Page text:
Well, if I ever found the most layman way to understand how something works - it’s through a prank.
Brian Swichkow pranked his roommate in one of the more elaborate and soul sucking way possible - through Facebook targeted ads. His post is a good read to understand HOW Facebook targeting ads works too.
It’s been proven time and time again that Facebook knows more about you than you know about you. While advertisers are able to use that data in their targeting, it’s often poorly executed (which is why I, a Jew-ish guy, often see ads for Christian dating sites), but as a Facebook user you’re never able to see WHY you’re being targeted. This was exactly what I planned to use to exact my revenge. I was going to target him with highly personalized messages that were focused on things Facebook truly shouldn’t know about his personal life – things that weren’t even online, let alone on Facebook. The goal, to make him unbelievably paranoid.
K and I have talked a lot about how we will be raising our future children (which is some time in the far far future). Mostly about how I would like to work and he would like to be a stay at home father. However, he has this preconceived notion that he will be teaching our child video games at a very early age. Hmm.
One game I see a lot of kids playing and really don’t mind is Minecraft. K is a huge fan of it, and I really did try to get into it but couldn’t bring myself to enjoy the pixelated design.
But I see the merits of it. The imagination that we used to have with Legos and other toys where we had to build something out of nothing. The possibilities. The way you get to build with other people. Despite that fact that I don’t like the design for myself, I actually LIKE the fact that my kid might be enjoying a design that we used to have to face every day. It’s kind of a weird cross generational satisfaction.
The show doesn’t go on because it’s ready; it goes on because it’s 11:30…What I learned about bombing as a writer at Saturday Night is that you can’t be too worried about your “permanent record.” Yes, you’re going to write some sketches that you love and are proud of forever—your golden nuggets. But you’re also going to write some real shit nuggets. And unfortunately, sometimes the shit nuggets will make it onto the air. You can’t worry about it. As long as you know the difference, you can go back to panning for gold on Monday.
Buzzfeed - the media source for humour, creator of lists, and aggregator of pop culture news is getting a serious side.
Benny Johnson, an ex-editor at Buzzfeed, was found plagiarizing from Wikipedia. Bringing an interesting question of, “does it matter? It’s Buzzfeed. They make lists!!! It’s not NYTimes.”
But as I see more of my peers, and other much younger youngins, link to Buzzfeed articles for their breaking news, I have to finally come to the realisation that yes - in the end, no matter what triviality they post and usage of pop culture terminology, they are still held accountable for what they write.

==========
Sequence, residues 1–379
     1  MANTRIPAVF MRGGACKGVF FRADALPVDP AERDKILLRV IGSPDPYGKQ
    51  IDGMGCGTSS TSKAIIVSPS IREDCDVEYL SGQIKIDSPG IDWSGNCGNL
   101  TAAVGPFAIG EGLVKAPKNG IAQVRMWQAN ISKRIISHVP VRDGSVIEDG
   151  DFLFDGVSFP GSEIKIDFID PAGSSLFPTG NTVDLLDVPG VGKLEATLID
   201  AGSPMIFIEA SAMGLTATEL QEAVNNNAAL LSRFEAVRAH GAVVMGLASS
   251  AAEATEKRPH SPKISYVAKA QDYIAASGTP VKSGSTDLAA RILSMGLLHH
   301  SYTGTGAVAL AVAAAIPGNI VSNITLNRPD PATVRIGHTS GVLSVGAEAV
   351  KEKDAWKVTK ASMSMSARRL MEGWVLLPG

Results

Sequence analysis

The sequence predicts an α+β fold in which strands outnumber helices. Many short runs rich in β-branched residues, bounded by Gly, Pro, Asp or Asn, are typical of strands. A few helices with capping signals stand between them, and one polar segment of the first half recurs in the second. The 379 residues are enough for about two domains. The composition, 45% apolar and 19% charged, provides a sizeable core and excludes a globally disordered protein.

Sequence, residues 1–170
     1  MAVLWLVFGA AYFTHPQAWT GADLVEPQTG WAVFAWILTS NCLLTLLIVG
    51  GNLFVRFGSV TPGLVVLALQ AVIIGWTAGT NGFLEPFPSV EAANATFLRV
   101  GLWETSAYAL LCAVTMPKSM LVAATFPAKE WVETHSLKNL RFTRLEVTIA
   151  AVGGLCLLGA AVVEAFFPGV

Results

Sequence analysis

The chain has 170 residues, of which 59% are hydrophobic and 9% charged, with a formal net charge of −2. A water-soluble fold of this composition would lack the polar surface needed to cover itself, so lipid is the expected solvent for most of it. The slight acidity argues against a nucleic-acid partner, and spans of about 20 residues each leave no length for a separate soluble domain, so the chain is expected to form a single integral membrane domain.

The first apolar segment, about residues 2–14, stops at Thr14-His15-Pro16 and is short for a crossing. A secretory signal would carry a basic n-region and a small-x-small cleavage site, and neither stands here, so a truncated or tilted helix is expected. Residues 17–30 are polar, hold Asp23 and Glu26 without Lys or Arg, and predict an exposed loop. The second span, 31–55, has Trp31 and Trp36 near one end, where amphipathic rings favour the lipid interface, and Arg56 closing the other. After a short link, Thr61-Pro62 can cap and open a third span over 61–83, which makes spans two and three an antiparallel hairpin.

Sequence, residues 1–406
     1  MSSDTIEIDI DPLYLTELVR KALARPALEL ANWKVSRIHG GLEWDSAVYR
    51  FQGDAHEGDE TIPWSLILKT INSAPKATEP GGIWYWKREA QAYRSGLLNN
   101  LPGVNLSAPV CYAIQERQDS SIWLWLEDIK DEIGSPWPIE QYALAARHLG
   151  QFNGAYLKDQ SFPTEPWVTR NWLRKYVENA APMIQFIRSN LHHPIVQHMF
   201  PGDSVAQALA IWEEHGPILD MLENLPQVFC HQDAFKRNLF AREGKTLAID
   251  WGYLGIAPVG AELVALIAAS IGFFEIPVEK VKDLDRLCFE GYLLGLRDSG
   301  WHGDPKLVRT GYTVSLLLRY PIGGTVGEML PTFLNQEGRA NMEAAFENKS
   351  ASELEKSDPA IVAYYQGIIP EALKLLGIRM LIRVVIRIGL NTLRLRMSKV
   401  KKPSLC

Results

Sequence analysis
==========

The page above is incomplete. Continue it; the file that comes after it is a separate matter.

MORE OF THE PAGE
And I have to admit, since Ben Smith (ex-Politico reporter)’s appointment as Editor-in-Chief of Buzzfeed, I’m excited to see how they will present their news. Will it be written in a more layman way? Will there be more pictures? Will I understand what ISIS stands for in gifs?
Peter Lauria on why Buzzfeed should matter as a news outlet:
if you are looking at emerging markets for your company to expand to, you should also be looking at emerging media outlets to help spread that word to new audiences. Millennials are a huge market, with lots of current and future buying power, that invest and consume much differently than previous generations. We understand them better than most.
I also play up our ability to get news in front of more people faster than anyone else. The network effects of social media and mobile consumption allow us to reach readers more efficiently with breaking news than any news outlet I’ve ever been a part of. We can literally reach millions of people within seconds of putting something up.
And if none of that works, I just use the old Jon Steinberg [BuzzFeed’s former COO] trick, which is to ask an executive if they have teenage kids and, if so, to text them and ask if they’ve heard of BuzzFeed and if they should work with us. That has an almost 100 percent success rate — there’s nothing parents want more than to seem cool to their kids.
Porn is a business of surprising contradictions. Many of the roles women play are submissive and subservient: We are the bored housewife, the penniless pizza customer (who must pay her bill in other ways) and the vulnerable secretary. But unlike in the real world, women in porn usually make more money than men for the same work, and with that can come a liberating power, both financially and sexually.
Cell phones have made people flaky as shit.
I haven’t nodded my way through a video in such a long time. Something about talking about your pet peeves really riles me up.
Cell phones have effectively made people less confrontational, less committed, lazier.
1. It’s easier to hide behind screens and hum and haw, rather than give an honest answer. Words are easier to type than actually going to a bar (plus, adding an emoji makes being flaky ok right?)
2. It’s making people less committed. I’ve adopted the “tough love” method with my friends - you’re either in or you’re out. I will delete you from the group e-mails if you “don’t know until that day”. I will not reserve a seat for you because you never RSVP’d.
3. The “optimizer” persona is the worst. I went through a phase where I was a so-called “optimizer”, but I realised that committing and getting excited about something is far better than having a few flaky alternatives.
Best part about this video though? The abrupt and definitive ending had me laugh.